How much have law enforcements response to Internet crime changed in the past decade? Certainly law enforcement has gotten better at dealing with the technology and on many levels their response is better. Many law enforcement agencies are even using social networking sites to communicate with its citizens. But there is no real drive to recruit netizens to become the eyes and ears of law enforcement online. In a recent blog entry by Bill Schrier in his blog “Note from a City CIO” he wrote an article “Twitter, Facebook not ready for Government 2.0”. Ready or not Government will have to address social networking and the netizens on it, more likely sooner than anticipated at its growth rate.

With the isolated examples of netizens reaction to criminal’s online; law enforcement may be missing an opportunity to recruit a neighborhood “Net-Watch” type of faithful following. Law enforcement could guide netizens and encourage their support. With the Internets ability to mobilize vast numbers in response to a crime on the Internet an opportunity exists to establish a major blow to criminals everywhere. People now spend their waking hours, and some with web cameras, their sleeping ones too, online. It may be time for law enforcement to expand its online ranks with properly trained and recruited cyber watchers. It might also be a way of corralling the behavior of some of the Cyber vigilantes that have gone a little far in their attempts to hang online wrongdoers. Look out online criminals, your next door neighbor may soon be watching you.

Threat of Cyber Crime Continues to Increase

Friday, February 13th, 2009

Jim Kouri, formerly the Chief of Police of the New York City housing project in Washington Heights, wrote recently in MensNewsDaily.com about Cyber Crime and its increasing popularity as a criminal endeavor. He rightfully identified that there is a difference between critical infrastructure protection (Cyber security threats) and Cyber crimes (traditional crimes committed through the use of technology). This is far too often overlooked at the national level and appropriate consideration given to both areas. Threats to our critical infrastructure are not the same as Cyber criminals stealing from our citizens. However, from the initial look at a crime, say a “Phishing” scam against a bank, a law enforcement investigator does not know if this criminal act is a foreign state attacking our economic system by trying to make the bank fail, or a teenager from one of the old eastern block countries simply scamming unsuspecting customers out of their funds.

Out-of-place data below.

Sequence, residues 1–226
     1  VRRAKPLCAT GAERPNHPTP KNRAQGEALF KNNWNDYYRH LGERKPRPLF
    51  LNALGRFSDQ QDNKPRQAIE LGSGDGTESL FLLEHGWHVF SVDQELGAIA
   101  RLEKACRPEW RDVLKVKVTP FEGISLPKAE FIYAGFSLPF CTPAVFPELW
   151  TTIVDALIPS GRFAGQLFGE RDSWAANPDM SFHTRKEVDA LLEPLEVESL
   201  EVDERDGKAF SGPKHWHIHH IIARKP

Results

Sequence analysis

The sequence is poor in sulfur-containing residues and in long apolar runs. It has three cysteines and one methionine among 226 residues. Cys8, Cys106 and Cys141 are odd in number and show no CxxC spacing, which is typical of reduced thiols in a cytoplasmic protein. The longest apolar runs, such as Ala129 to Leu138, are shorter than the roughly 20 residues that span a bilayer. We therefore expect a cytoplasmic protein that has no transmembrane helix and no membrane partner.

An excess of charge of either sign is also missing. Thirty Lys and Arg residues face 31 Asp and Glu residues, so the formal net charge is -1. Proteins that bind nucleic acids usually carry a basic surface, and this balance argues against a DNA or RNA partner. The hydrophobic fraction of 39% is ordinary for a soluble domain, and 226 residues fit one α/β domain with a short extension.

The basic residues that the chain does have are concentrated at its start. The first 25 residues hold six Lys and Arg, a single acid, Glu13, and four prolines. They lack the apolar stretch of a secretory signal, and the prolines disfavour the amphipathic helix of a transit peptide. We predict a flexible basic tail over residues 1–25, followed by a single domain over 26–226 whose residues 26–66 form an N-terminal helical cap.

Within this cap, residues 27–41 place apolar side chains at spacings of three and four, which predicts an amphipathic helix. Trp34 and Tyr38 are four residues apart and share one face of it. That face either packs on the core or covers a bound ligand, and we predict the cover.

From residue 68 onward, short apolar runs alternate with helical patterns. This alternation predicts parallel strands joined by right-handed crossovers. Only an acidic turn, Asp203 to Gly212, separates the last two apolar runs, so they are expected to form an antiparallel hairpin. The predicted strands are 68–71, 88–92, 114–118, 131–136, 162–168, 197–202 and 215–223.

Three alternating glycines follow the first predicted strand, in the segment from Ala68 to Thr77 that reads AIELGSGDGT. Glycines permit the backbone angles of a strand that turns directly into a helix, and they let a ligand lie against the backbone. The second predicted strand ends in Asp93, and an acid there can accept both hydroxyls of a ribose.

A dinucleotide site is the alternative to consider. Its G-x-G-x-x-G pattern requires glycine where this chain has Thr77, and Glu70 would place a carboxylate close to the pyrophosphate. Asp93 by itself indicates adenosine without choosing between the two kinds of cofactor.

Law enforcement from the outset often ignores these crimes due to the investigative complexity of the crime and the lack of training and tools to effective pursue the evidence. The current economic situation is making things even worse for those agency’s who do attempt to address Internet based crime. In California High Tech Crime Task Forces are being shut down due to the budget crisis. The Northern California Computer Crime Task Force has shut down and the San Diego area CATCH Team will shut down on February 16th. Both of these task forces have made a significant impact on criminals using the Internet to commit crimes. Yet, we are allowing them to close and very little is being done to stop it.